To most, condensing over 100 years of history into a one-hour theatrical performance would seem impossible. To Sharon Krischer, the prospect sounded like an opportunity.
Krischer, who lives in Beverly Hills, served as Southern California regional president for Hadassah, the Women’s Zionist Organization of America, from 2001 until 2003. The volunteer organization was founded over a century ago with more than 300,000 members nationwide in chapters across major American cities.
Five years ago, Krischer picked up a copy of “Thin Threads,” a published compilation of personal stories written by Hadassah members over the years. “I was endlessly fascinated by what I was reading,” she said. “I felt that dramatizing the stories would make even more of an impact and make the content that much more relevant.”
A frequent patron of Jewish Women’s Theatre (JWT), a Santa Monica-based theater company dedicated to giving Jewish women a voice onstage, Krischer approached its founder and artistic director, Ronda Spinak, a longtime Hadassah member, with a proposal: Staging a performance of selected “Thin Threads” stories. She explained to Spinak that she saw it as a marketing and fundraising tool for the organization that could engage and educate both existing and prospective members in a new, innovative way.
“Luckily, [Spinak] was enthusiastic from the beginning,” Krischer said.
Krischer, along with Sandi Sadikoff, another former Hadassah Southern California regional president, worked closely with Spinak to search for, select and edit stories from “Thin Threads,” developing them for the stage. However, with many of the stories being quite short, Spinak suggested expanding the search to include pieces from Hadassah Magazine, the organization’s bimonthly publication.
“We hope this exposes a younger generation of women to the breadth of experiences of the amazing women who came before them and inspires them to follow in their footsteps.” — Hazel Gordon
During a trip to New York, Spinak received permission from the magazine’s editorial staff to cull through its archives. After spending the better part of two full days dusting off decades-old stories, she left with sets of photocopies and a deep appreciation for the stories she came across.
“You could do 10 shows with the treasure trove that is the archive,” she said. “The thing that struck me most is the commitment of tzedakah, the commitment to doing good in the world, and how that is a 100-year history and legacy that Hadassah has created. To be able to unearth some of those little-known stories and to share them has been a joy.”
One of the stories she found, “Keeping a Promise,” tells the tale of Henrietta Szold, the founder of Hadassah, picking out her grave on the Mount of Olives in Jerusalem and the young Muslim undertaker sworn to protect it after it fell to ruins during the War of Independence of 1948.
“Many Hadassah stories are intertwined with Israel’s story,” Spinak said.
Other stories Spinak and company settled on cover ground like the work of “medical clowns” that entertain hospitalized children at Hadassah Medical Center in Jerusalem, and discovering pride in Zionism through Hadassah membership after fleeing persecution in Muslim countries like Iran.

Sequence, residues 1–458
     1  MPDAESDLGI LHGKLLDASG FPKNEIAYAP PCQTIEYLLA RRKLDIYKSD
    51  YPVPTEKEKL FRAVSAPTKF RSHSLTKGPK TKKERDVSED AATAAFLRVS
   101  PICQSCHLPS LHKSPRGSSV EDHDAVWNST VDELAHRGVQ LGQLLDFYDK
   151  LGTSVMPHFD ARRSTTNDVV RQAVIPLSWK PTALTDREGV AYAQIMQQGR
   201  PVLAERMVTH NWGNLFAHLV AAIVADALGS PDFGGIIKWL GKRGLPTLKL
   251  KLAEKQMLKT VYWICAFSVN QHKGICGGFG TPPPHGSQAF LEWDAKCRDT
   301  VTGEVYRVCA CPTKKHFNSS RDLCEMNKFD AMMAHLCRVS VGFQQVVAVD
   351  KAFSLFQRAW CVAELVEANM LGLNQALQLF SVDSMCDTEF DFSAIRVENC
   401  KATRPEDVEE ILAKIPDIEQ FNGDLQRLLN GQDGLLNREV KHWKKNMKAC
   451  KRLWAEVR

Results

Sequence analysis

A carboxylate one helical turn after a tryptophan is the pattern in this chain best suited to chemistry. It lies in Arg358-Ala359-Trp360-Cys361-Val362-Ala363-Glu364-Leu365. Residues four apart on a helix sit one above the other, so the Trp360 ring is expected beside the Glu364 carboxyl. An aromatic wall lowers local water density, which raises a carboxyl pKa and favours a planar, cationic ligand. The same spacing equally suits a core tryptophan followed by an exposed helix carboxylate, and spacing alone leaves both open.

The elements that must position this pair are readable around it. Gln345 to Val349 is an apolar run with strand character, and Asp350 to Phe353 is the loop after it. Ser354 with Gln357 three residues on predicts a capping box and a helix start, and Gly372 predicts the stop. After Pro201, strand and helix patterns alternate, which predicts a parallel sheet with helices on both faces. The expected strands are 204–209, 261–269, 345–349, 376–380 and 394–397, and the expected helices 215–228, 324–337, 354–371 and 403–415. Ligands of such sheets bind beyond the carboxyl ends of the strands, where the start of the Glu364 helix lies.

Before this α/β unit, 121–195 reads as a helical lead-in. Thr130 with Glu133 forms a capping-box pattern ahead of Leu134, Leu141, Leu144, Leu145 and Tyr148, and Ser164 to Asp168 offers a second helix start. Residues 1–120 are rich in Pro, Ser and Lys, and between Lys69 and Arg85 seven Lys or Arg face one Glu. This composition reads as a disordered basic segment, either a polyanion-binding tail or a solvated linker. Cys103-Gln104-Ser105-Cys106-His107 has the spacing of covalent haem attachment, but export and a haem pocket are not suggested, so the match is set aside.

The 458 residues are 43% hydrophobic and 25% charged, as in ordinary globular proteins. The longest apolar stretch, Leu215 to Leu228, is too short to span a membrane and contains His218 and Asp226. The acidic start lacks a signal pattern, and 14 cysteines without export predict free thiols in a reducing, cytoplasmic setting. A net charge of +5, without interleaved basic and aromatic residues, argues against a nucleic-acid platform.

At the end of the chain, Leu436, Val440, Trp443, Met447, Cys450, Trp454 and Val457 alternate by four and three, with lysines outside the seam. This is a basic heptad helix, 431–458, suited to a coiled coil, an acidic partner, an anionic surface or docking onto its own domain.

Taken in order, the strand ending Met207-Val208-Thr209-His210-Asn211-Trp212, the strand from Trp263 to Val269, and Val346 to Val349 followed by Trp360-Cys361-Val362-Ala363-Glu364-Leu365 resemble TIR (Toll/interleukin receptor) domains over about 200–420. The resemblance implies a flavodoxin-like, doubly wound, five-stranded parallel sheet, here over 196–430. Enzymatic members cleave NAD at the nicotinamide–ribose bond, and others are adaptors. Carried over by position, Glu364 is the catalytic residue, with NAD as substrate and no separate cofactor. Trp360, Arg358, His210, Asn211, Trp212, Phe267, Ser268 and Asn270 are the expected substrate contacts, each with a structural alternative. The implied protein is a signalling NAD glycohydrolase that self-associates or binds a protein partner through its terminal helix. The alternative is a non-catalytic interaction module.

Soon after Krischer, Sadikoff and Spinak finished collecting and editing stories, the estate of Lily Rosman, a lifelong Hadassah member, and the Ladies of Finesse, a group of Hadassah donors, graciously agreed to underwrite “Hadassah on Stage.” It has already been performed four times with JWT casts. Last year, JWT staged performances at a Hadassah conference in Arizona and at a synagogue in Santa Ana for Southern California regional members. This year, shows took place at the Luxe Sunset Boulevard Hotel in Brentwood in April and at JWT’s home, The Braid, in Santa Monica on May 31.
“There’s a lot of recognition for audiences when they’re seeing this,” Spinak said. “People recognize themselves and their own Hadassah work and experiences in these stories.”
One of the main goals of staging the show, according to Hazel Gordon, the Los Angeles Metro area manager for Hadassah, is to foster a new generation of Hadassah members.
“We hope this exposes a younger generation of women to the breadth of experiences of the amazing women who came before them and inspires them to follow in their footsteps,” Gordon said.
Another key part of the initiative, Gordon said, is to put Zionism, which she said has become a “loaded word” for many young people, front and center in hopes of encouraging young prospective members to “not shy away from their Zionism” in public spaces.
The creative team behind “Hadassah on Stage” has written guidelines instructing how to stage different iterations of the show with varying lengths and content.
“Essentially, any chapter can design their own show based on their needs with different stories,” Spinak said. “They can design one that speaks to a younger audience, an older audience or a Sephardic audience.”
But Krischer insisted it’s the elusive younger audience, the millennials, that chapters in and around Southern California and beyond will continue to try to lure.
“Like every organization out there, we’re hoping this type of venture can keep us relevant and bring in millennials in a way that speaks to them,” she said. “We’re trying something different.”